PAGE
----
It is true that Sadr has consistently opposed the breakup of Iraq into three ethnicity-based entities, but it is scant comfort that this son of a famed Shiite cleric killed by Saddam Hussein should now, in a sentiment that a recent ABC News poll shows is shared by a majority of his countrymen, consider Iraq’s self-proclaimed liberators as evil occupiers. Indeed, the legacy of Bush’s invasion is that the tired anti-U.S. nationalism of Saddam, never endorsed by the Shiite majority, now has a virulent energy that it never previously possessed.
The only alternative to this Iraqi nationalism is not the democratic and pro-Israel fantasy of the neoconservatives like Lieberman who talked our clueless president into this irresponsible folly, but rather the subjection of Iraq to a Shiite militancy allied with Iran. Sadr, who is rumored to be living these days in Iran, seems torn between those two futures, perhaps positioning himself to benefit no matter which path proves more popular.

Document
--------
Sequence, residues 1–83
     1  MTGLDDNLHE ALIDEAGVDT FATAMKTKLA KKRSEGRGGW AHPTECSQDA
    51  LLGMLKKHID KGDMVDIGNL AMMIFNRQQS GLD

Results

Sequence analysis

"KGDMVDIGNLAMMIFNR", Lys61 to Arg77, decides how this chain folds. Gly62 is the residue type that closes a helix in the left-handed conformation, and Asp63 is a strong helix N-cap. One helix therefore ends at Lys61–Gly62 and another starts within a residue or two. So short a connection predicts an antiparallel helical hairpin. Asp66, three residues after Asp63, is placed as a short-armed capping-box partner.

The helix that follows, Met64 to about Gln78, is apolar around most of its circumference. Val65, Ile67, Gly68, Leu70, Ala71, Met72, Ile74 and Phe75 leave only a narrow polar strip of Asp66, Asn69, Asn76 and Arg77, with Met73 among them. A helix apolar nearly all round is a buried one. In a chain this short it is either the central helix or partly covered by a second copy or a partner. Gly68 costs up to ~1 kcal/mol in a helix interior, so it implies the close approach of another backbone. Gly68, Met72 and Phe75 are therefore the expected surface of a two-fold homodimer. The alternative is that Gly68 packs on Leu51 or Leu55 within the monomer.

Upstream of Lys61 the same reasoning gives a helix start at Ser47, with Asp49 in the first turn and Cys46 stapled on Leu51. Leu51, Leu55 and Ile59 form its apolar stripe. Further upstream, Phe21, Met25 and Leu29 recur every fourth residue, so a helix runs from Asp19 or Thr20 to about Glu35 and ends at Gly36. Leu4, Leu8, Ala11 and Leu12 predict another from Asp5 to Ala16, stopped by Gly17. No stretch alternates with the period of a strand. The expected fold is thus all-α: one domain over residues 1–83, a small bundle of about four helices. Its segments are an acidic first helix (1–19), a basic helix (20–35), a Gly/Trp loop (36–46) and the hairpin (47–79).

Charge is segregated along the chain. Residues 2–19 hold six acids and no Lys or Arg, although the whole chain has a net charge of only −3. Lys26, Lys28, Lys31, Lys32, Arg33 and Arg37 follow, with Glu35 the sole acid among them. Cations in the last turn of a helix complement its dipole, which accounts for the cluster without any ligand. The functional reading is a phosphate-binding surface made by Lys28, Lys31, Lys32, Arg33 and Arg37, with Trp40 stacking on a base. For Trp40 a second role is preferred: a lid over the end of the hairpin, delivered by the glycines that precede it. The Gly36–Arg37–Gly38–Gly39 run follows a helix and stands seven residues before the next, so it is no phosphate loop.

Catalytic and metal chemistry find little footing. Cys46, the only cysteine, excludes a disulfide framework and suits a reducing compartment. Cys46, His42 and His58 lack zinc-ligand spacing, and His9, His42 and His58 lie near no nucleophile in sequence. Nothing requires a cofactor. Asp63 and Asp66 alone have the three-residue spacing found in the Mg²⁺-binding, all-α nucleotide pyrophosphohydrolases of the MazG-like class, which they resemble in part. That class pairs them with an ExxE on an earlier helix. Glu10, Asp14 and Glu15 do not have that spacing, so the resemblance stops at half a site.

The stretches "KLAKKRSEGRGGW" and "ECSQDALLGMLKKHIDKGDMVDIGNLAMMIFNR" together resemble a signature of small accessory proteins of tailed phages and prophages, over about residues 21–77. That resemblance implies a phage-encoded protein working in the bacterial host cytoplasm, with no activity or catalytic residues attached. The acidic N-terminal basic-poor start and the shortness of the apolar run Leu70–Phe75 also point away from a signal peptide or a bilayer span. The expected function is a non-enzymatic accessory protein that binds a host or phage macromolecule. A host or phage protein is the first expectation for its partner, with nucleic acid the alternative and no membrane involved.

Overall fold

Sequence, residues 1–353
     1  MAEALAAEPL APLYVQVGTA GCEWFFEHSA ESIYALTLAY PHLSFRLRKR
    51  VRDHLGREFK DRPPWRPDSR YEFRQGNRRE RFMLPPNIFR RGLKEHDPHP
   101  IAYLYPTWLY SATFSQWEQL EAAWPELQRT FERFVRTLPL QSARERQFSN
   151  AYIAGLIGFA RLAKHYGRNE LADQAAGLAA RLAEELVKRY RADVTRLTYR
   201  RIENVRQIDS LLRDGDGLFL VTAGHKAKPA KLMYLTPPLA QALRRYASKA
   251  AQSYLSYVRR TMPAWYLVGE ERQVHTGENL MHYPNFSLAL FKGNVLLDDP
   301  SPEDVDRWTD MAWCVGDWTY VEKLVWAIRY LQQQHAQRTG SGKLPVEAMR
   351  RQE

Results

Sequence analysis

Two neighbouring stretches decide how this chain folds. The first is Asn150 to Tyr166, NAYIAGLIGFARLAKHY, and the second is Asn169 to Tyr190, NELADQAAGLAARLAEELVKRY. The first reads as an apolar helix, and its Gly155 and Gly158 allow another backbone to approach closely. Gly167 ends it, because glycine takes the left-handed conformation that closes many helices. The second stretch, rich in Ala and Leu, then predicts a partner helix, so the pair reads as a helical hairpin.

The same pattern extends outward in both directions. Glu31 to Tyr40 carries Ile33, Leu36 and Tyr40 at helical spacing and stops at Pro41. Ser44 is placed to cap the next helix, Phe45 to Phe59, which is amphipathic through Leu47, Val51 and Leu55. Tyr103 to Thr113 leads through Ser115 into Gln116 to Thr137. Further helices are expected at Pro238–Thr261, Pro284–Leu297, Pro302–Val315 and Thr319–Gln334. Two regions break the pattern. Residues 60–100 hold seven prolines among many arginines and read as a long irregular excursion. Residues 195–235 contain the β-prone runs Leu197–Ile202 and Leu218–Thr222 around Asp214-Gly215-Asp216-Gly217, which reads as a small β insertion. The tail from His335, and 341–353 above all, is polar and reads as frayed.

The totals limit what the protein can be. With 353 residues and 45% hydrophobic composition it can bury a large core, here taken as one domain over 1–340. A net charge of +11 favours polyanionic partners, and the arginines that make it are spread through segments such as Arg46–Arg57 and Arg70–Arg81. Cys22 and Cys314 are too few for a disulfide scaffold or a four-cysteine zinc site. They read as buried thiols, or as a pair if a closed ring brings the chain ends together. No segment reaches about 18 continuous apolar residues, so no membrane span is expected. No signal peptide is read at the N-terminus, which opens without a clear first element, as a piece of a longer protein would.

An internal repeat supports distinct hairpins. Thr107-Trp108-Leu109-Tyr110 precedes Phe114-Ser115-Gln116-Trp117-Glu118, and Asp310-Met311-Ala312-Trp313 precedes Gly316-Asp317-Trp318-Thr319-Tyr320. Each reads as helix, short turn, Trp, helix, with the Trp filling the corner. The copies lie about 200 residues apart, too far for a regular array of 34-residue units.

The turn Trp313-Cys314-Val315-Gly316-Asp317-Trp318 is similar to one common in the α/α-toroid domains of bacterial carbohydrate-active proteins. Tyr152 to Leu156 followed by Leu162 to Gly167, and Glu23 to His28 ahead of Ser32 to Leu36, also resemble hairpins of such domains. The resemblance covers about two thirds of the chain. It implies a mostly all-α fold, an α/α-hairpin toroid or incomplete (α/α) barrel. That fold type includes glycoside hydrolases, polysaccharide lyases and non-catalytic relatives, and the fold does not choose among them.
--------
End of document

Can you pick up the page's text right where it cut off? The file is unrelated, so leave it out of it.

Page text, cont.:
Colin Powell was only partially right when he warned before the U.S. invasion, “If you break it, you own it.” What he didn’t add is that the locals will hate you for it, and try to kill you every day until you give it back.